New Draft: Can

A draft of my “Two Puzzles about Ability Can” is now available in the Research section.
Here is the abstract:


The received wisdom on ability modals is that they differ from their epistemic and deontic cousins in what inferences they license and better receive a universal or conditional analysis instead of an existential one. The goal of this paper is to sharpen the empirical picture about the semantics of ability modals, and to propose an analysis that explains what makes the can of ability so special but that also preserves the crucial intuition that all uses of can share a common lexical semantics. The resulting framework combines tools and techniques from dynamic and inquisitive semantics with insights from the literature of the the role of agency in deontic logic. It explains not only why the canof ability, while essentially being an existential modal operator, sometimes resists distribution over disjunction and interacts with its duals in particular and hitherto unnoticed ways, but also has a tendency to license free choice inferences.

New Draft: Subjectivity

It took a while, but a draft of my “Evidence, Attitudes, and Counterstance Contingency: Toward a Pragmatic Theory of Subjective Meaning” (conspired with Chris Kennedy) is now available at semanticsarchive.net (links). The abstract is as follows:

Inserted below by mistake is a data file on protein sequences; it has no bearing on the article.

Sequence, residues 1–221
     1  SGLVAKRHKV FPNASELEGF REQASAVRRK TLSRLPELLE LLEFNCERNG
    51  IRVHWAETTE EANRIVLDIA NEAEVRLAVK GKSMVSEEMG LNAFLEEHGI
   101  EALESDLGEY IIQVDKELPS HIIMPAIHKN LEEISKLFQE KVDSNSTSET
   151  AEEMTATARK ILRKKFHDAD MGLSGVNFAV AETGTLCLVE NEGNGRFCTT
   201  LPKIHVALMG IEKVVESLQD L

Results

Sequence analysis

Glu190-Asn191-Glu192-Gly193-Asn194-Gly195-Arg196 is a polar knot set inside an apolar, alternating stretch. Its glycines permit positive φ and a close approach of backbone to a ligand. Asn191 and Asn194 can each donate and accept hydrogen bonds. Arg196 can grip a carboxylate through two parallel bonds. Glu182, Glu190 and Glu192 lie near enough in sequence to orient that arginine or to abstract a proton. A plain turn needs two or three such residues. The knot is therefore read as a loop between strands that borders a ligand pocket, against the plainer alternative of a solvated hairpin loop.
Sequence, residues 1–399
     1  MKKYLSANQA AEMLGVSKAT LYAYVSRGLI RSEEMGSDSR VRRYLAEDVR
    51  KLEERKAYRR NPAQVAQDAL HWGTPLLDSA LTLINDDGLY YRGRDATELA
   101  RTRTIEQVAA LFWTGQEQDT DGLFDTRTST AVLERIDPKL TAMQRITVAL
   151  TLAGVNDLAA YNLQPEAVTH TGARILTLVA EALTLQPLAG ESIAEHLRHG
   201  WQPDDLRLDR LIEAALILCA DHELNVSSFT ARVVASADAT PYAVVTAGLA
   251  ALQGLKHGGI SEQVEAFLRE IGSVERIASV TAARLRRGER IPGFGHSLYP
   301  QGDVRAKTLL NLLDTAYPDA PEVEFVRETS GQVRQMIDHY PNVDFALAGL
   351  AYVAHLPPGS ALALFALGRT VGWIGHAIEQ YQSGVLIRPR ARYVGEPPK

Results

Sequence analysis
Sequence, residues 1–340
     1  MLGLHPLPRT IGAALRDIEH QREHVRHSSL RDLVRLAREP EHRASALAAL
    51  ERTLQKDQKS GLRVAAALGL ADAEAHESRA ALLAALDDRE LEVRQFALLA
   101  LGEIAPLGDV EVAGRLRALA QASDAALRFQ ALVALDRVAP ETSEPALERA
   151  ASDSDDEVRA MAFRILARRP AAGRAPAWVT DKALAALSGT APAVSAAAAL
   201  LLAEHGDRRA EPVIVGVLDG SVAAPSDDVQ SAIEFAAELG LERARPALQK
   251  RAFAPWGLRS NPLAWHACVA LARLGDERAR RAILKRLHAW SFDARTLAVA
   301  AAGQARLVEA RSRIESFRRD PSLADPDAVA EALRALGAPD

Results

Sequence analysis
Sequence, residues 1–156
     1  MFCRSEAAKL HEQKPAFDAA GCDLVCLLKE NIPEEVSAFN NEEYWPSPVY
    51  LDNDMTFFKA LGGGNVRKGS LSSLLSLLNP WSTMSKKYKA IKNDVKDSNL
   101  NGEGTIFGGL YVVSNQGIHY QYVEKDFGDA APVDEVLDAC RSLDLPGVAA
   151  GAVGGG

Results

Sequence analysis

This paper focusses on two cross-linguistically robust interpretive and distributional characteristics of subjective predicates that have resisted a comprehensive analysis: subjective predicates introduce experiential evidential requirements, and they differ from objective predicates in their distribution under certain types of propositional attitude verbs. The goal of this paper is to argue that these features can be derived in a uniform way, without introducing special kinds of meanings or interpretive operations for subjective predicates, and within a broadly truth-conditional approach to semantic content, given a view of subjective language as an essentially pragmatic, context-sensitive phenomenon. Specifically, we propose that what renders an issue subjective in discourse is speakers’ awareness of counterstances: alternative information states that reflect conflicting decisions as to how semantic underdetermination is resolved in context. We show how a characterization of subjective predicates as counterstance contingent expressions not only derives their distributional properties, but also explains why their use comes with distinct evidential requirements.